by Chek Ling and, Graham Perrett MP
MANY Australians have been and gone in the Balonne Shire and left only the smallest of footprints behind them.
People from the Chinese diaspora have worked and learned and loved and died within cooee of the banks of the Balonne for nearly 200 years.
The first shipload of labour from southern China arrived in Brisbane in 1848.
Eventually about 300 indentured labourers ended up on the Darling Downs and beyond as shepherds and labourers.
Then in the later 1800s, “free” Chinese, who had come seeking their fortunes on the gold fields, also made the journey west seeking more traditional work.
Much of the ring-barking and clearing in the Balonne Shire was carried out by Chinese workers.
Some of these unbonded peasants subsequently became cooks and gardeners for station owners.
Quite a few ventured into growing vegetables and fruits, with intricate irrigation systems they would have adapted from ones they knew well back in China. But few grew wealthy from their back-breaking toil. Often these poverty- stricken men did not ever make enough money to afford a return ticket to China during their lifetime.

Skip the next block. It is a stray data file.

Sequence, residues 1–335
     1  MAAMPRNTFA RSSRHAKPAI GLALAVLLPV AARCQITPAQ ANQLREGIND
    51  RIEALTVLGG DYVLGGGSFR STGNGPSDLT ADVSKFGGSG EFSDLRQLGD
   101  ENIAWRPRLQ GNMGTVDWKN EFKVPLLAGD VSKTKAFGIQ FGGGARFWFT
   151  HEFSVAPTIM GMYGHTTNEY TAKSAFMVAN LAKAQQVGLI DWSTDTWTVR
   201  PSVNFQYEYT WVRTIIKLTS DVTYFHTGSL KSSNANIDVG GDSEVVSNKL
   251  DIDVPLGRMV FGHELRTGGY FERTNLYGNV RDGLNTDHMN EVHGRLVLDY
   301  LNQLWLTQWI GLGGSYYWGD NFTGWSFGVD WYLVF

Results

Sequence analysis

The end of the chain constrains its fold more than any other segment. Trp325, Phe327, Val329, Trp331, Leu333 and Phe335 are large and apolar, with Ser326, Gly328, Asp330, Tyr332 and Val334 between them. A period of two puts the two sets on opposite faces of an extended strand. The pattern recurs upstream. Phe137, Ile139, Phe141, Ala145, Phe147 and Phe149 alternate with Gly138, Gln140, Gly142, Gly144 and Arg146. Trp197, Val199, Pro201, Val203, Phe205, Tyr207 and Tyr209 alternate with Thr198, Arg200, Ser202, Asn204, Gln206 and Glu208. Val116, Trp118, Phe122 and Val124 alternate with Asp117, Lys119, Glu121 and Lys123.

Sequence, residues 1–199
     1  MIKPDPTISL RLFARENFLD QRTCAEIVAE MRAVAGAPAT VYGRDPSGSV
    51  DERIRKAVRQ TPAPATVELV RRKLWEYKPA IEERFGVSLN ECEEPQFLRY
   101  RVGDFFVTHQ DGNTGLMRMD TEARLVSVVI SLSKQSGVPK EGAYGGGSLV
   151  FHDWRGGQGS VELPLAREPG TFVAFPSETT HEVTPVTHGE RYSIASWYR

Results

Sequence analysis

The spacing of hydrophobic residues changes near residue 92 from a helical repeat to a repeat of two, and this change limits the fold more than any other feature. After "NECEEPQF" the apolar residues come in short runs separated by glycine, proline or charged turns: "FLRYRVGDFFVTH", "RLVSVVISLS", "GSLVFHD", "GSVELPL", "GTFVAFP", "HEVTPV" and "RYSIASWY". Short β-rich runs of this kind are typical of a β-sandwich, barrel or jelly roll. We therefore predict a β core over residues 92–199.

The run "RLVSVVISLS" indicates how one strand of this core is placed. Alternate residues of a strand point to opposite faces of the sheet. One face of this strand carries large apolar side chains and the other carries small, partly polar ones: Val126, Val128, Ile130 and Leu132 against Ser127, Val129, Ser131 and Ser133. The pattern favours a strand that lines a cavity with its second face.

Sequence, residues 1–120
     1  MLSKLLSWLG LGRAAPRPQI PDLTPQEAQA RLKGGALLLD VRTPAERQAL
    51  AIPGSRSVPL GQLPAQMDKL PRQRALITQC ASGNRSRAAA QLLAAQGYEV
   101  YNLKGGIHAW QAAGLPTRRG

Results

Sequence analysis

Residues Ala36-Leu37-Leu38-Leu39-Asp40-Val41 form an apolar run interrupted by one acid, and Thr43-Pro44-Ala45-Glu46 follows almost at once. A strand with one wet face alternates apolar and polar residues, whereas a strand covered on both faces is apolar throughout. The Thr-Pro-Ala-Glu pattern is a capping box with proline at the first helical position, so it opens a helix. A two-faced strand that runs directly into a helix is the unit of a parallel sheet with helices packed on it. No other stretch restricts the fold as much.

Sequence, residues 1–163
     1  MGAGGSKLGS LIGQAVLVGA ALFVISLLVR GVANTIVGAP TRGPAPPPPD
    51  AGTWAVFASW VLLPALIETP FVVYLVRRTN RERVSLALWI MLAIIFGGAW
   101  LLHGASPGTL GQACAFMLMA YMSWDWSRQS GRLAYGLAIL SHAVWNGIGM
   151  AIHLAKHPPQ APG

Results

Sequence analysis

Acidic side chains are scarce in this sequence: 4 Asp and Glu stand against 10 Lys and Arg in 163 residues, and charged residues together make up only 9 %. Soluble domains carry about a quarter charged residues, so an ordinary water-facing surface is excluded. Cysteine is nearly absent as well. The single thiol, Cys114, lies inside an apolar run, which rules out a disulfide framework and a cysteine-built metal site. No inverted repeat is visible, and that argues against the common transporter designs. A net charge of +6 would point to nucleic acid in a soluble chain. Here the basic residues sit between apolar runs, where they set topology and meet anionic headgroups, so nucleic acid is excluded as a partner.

They also had to cope with racism, some of it casual, but it was also handed down from parliaments in laws, often called the White Australia Policy.
Some of these first Chinese adventurers found love and started new families, but because of immigration restrictions, there were few Chinese women in the bush.
Quite a few married Irish women who might have come to the antipodes as a result of the Great Potato Famine of 1845-49.
Often the Chinese and indigenous communities hooked up and created a new canvas.
The results of all these various stories are still walking our local streets and make up the modern Australia.
Eventually, over time, more and more people who had a connection with the Chinese dragon, ended up at rest in the St George Cemetery.
Timber grave markers recorded the name and birthplace. Some hoped to have their remains dug up, cleaned, and packed for a final journey back home to their ancestral burial grounds in their village. Some decided to call St George home, forever.
Sadly, many of the old Chinese grave markers were destroyed by a grass-fire in the 1970s.
It would be fitting if a general memorial to these sojourners who knew the way of the dragon could be erected in the St George Cemetery.
It should reflect the tenor of the lives the Chinese in the bush endured with integrity and compassion.